Whether you know it or not, the roads traveling through your subdivision are likely easements created for the purpose of providing ingress/egress access to public streets. And whether you know it or not, those easements may also benefit neighboring properties, giving them access through your subdivision to a point of entry on a public road.
That’s all well and fine, but what happens when the land situated adjacent to your own is developed in a way that will greatly increase the amount of traffic on the shared roads? For example, that farm land behind your house is now going to be subdivided into a community with 200 single family homes. And of course, along with each new house typically comes two cars, not to mention all the heavy construction machinery that will be used as the homes are being built. Is there anything you can do to stop the potential of increased traffic on the shared road?
First, a few basics: An easement provides a non-owner the right to use the land of another. It’s often described as a nonpossessory interest. There are generally two types of easements: easement in gross and easement appurtenant. In this scenario, we are discussing an easement appurtenant because it benefits a particular piece of land (in contrast to benefiting a particular person). Appurtenant easements are automatically conveyed with the land they benefit when the land is sold or otherwise transferred. Land affected or “burdened” by an easement is called a “servient estate,” while the land benefited by the easement is known as the “dominant estate” or “easement holder.”
As a general rule, the easement holder cannot expand the easement beyond what was contemplated at the time it was granted. Conversely, the owner of the servient land may make any use of that land that does not unduly interfere with the easement holder’s use of the easement. What constitutes an undue burden depends upon the facts of each individual situation. On the one hand, an increase in pedestrian traffic over a pathway that gives access to the beach may not necessarily constitute an undue burden. The path was always intended to provide access and the fact that more people are now using it is not outside the scope of what was originally contemplated.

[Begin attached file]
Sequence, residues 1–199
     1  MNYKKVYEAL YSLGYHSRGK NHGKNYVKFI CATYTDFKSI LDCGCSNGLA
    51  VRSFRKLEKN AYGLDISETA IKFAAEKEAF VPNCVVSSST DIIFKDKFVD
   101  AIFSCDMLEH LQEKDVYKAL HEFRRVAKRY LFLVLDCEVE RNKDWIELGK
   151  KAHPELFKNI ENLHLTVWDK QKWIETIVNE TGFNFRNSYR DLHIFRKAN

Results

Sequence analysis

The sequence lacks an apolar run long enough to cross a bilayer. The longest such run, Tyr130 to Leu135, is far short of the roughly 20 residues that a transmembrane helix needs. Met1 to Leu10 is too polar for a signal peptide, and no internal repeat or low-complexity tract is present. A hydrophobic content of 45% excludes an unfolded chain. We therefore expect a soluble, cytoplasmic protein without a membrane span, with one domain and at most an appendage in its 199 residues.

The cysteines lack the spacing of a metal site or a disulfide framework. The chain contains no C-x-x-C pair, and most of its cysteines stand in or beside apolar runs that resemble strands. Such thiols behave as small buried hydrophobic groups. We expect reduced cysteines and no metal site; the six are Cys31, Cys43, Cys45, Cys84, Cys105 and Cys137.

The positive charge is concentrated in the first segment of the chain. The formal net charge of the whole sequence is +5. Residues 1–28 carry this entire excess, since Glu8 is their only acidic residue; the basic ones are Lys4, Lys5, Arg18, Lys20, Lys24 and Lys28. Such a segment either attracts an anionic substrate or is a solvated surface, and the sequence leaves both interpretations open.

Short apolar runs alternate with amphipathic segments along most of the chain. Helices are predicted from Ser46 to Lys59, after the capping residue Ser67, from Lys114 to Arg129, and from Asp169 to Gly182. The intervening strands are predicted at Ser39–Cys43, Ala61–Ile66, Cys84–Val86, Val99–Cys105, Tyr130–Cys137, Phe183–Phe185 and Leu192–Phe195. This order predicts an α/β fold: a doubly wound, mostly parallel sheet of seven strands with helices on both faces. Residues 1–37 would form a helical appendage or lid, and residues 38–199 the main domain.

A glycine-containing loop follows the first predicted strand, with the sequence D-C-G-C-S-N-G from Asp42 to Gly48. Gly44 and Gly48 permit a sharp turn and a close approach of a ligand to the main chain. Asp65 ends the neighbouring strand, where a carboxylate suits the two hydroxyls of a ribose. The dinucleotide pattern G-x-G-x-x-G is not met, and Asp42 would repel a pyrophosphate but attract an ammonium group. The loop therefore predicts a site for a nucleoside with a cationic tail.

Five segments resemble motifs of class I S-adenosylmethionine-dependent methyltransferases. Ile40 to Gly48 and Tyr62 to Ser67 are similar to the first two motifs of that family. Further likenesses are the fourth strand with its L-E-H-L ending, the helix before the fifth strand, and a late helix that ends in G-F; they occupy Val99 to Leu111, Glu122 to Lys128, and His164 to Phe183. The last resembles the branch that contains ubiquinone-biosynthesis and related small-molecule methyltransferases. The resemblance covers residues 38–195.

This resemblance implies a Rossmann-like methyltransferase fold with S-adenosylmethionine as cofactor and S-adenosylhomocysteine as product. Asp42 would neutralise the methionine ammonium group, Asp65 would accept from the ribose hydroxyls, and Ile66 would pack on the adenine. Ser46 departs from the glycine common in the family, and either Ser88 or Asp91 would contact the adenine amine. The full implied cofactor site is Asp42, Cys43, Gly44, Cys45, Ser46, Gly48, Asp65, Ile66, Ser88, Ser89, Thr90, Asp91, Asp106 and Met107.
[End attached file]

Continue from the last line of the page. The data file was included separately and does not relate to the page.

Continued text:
The key then is to look at what the parties intended when the easement was created. Of course, that’s not always clear, but there is certainly an argument that an intention to provide ingress/egress access for the owner of agricultural land is much different than a roadway intended for a large neighboring subdivision. It’s not about the increase in the number of cars using the road, it’s about the fact that the parties never envisioned the road to be used for those purposes. If you find yourself in such a scenario then you should seek legal counsel to obtain an injunction to prevent that increased usage.